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The Sennheiser EK 300 IEM G3 In-Ear Wireless Receiver bodypack is designed as a component of the G3 system. For example, the compact receiver features adaptive diversity for ultrareliable reception. The headphone cable is used as a second antenna to banish audio dropouts. Operating the EK 300 IEM G3 is easy, thanks to its intuitive menu navigation and highly-visible backlit graphic display. The wireless receiver's switchable high boost and multi-level limiter complete the package.
EK 300 IEM G3 In-Ear Wireless Receiver
Reviewed by 1 customer
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Comments about Sennheiser EK 300 IEM G3 In-Ear Wireless Receiver:
Scanning for 20+ different useable open banks of frequencies is cool. Auto IR syncing is cool. But the high noise floor, the random RF zaps and the deafening power-up THUMP make these a danger to your auditory health. Keep shopping. I wish we had.
Bells and whistles galore. Auto scanning for open freqs, plenty of on board eq, limiting, custom naming each pack on the little lcd screen, IR syncing to the transmitters, Sturdy belt loop, quick battery change, every feature you could want in a wireless but one.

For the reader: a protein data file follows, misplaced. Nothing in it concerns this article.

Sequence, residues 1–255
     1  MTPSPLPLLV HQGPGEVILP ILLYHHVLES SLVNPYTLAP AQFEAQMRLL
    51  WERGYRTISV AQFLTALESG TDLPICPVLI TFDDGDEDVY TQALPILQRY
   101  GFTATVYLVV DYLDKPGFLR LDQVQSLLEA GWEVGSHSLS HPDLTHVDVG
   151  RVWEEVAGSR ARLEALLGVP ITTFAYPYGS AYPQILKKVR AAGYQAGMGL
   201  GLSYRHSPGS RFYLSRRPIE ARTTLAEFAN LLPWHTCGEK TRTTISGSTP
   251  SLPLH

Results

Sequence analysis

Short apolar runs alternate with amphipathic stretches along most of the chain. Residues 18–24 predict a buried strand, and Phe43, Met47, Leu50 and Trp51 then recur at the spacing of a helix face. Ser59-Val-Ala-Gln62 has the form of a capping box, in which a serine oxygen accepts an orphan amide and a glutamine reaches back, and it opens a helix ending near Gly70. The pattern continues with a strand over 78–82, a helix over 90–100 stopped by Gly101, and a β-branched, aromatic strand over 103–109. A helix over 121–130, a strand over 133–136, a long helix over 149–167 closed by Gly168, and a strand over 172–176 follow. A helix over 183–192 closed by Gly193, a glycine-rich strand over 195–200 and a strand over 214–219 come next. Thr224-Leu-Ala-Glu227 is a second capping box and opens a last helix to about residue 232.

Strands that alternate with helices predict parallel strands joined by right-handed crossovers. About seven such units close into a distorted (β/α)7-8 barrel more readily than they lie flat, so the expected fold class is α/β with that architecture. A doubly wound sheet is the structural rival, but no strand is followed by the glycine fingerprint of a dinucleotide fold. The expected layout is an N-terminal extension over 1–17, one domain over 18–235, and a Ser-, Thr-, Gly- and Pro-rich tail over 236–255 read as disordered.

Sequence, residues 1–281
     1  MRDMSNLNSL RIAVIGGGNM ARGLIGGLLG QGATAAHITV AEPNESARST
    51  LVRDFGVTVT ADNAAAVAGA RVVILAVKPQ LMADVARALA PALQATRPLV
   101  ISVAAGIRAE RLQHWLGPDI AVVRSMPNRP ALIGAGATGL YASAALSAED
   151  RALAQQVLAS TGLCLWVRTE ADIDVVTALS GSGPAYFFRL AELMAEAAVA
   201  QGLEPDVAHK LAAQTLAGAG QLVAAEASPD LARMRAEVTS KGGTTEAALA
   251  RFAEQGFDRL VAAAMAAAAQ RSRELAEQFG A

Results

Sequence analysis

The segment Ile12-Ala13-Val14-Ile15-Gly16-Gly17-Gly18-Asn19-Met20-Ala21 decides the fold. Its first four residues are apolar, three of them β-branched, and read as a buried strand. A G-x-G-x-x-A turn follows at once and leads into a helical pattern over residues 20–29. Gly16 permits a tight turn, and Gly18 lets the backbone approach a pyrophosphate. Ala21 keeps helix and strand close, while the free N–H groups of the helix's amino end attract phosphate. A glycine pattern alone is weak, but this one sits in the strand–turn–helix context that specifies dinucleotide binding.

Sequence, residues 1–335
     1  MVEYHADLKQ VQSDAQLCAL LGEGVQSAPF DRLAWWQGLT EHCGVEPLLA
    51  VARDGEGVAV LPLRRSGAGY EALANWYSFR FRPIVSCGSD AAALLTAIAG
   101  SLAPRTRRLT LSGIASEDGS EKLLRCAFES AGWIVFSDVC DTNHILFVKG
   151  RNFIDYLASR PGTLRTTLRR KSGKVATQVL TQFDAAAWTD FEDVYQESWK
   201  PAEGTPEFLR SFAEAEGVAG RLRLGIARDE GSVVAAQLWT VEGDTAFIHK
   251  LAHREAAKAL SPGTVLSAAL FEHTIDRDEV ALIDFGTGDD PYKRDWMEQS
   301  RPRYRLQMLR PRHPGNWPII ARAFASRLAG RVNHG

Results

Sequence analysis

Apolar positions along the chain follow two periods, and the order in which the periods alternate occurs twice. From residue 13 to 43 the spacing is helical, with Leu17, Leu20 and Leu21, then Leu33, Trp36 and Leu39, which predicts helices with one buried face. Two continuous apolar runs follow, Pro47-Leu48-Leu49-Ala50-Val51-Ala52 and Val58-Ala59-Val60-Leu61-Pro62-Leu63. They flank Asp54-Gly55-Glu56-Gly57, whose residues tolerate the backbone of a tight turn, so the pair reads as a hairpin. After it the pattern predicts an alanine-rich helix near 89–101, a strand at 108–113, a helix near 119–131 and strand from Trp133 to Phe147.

The body is sturdy, but the sound sucks. It's remarkable how bad the audio quality is on these things. We have three, and they're all the same. If your ears are in and you power up the unit, it THUMPS at a deafening volume. They really can't do a soft start to save my ears the abuse? Turn the volume pot and you hear scratching like an old wah pedal, and a noise floor that would be totally unusable if the audience were to hear what I hear. I use triple driver custom UE headphones, and the low end is oddly loud but vague. We're hitting the needles on the transmitters pretty solid, but the noise floor hisses on anyway. Hard-panning stereo signals sounds pretty good, not like Shures that get jaggetty after about 9 and 3 o'clock on the pan knobs. After just a month or so, there's a permanent bend in the un-replaceable antenna wire. The RF zingers snap your eardrums hard at seemingly random intervals. I've only had total dropout happen a couple of times, but, man is it lonely for a second or two. These things are expensive. They should sound at least as good as my much cheaper guitar wirelesses do, but they DON'T.
Lots of bells and whistles, but the sound just sucks. Hard. Our management bought these on a recommendation from another artist of theirs, so we're stuck until they break and we can start again.